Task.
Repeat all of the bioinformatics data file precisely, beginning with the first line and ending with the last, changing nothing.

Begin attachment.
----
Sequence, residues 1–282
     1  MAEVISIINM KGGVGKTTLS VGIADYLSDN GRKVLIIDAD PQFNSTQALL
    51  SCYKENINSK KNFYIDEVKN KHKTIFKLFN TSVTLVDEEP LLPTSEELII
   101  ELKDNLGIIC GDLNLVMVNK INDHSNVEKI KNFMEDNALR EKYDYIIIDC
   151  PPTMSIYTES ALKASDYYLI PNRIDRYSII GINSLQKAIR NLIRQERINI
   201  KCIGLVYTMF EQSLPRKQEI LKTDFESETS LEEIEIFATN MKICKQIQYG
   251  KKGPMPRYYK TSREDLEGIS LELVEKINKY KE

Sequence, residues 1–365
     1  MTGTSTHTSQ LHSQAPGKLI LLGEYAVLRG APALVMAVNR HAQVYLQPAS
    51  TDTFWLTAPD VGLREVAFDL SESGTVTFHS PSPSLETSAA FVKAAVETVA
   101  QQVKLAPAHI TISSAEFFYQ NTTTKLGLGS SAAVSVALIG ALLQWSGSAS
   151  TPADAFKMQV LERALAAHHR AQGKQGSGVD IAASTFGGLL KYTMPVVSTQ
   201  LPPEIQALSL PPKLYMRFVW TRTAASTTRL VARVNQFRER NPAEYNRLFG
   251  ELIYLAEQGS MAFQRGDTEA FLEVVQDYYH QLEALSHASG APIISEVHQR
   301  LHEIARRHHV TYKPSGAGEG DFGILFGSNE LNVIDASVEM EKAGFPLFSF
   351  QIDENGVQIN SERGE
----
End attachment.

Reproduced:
Sequence, residues 1–282
     1  MAEVISIINM KGGVGKTTLS VGIADYLSDN GRKVLIIDAD PQFNSTQALL
    51  SCYKENINSK KNFYIDEVKN KHKTIFKLFN TSVTLVDEEP LLPTSEELII
   101  ELKDNLGIIC GDLNLVMVNK INDHSNVEKI KNFMEDNALR EKYDYIIIDC
   151  PPTMSIYTES ALKASDYYLI PNRIDRYSII GINSLQKAIR NLIRQERINI
   201  KCIGLVYTMF EQSLPRKQEI LKTDFESETS LEEIEIFATN MKICKQIQYG
   251  KKGPMPRYYK TSREDLEGIS LELVEKINKY KE

Sequence, residues 1–365
     1  MTGTSTHTSQ LHSQAPGKLI LLGEYAVLRG APALVMAVNR HAQVYLQPAS
    51  TDTFWLTAPD VGLREVAFDL SESGTVTFHS PSPSLETSAA FVKAAVETVA
   101  QQVKLAPAHI TISSAEFFYQ NTTTKLGLGS SAAVSVALIG ALLQWSGSAS
   151  TPADAFKMQV LERALAAHHR AQGKQGSGVD IAASTFGGLL KYTMPVVSTQ
   201  LPPEIQALSL PPKLYMRFVW TRTAASTTRL VARVNQFRER NPAEYNRLFG
   251  ELIYLAEQGS MAFQRGDTEA FLEVVQDYYH QLEALSHASG APIISEVHQR
   301  LHEIARRHHV TYKPSGAGEG DFGILFGSNE LNVIDASVEM EKAGFPLFSF
   351  QIDENGVQIN SERGE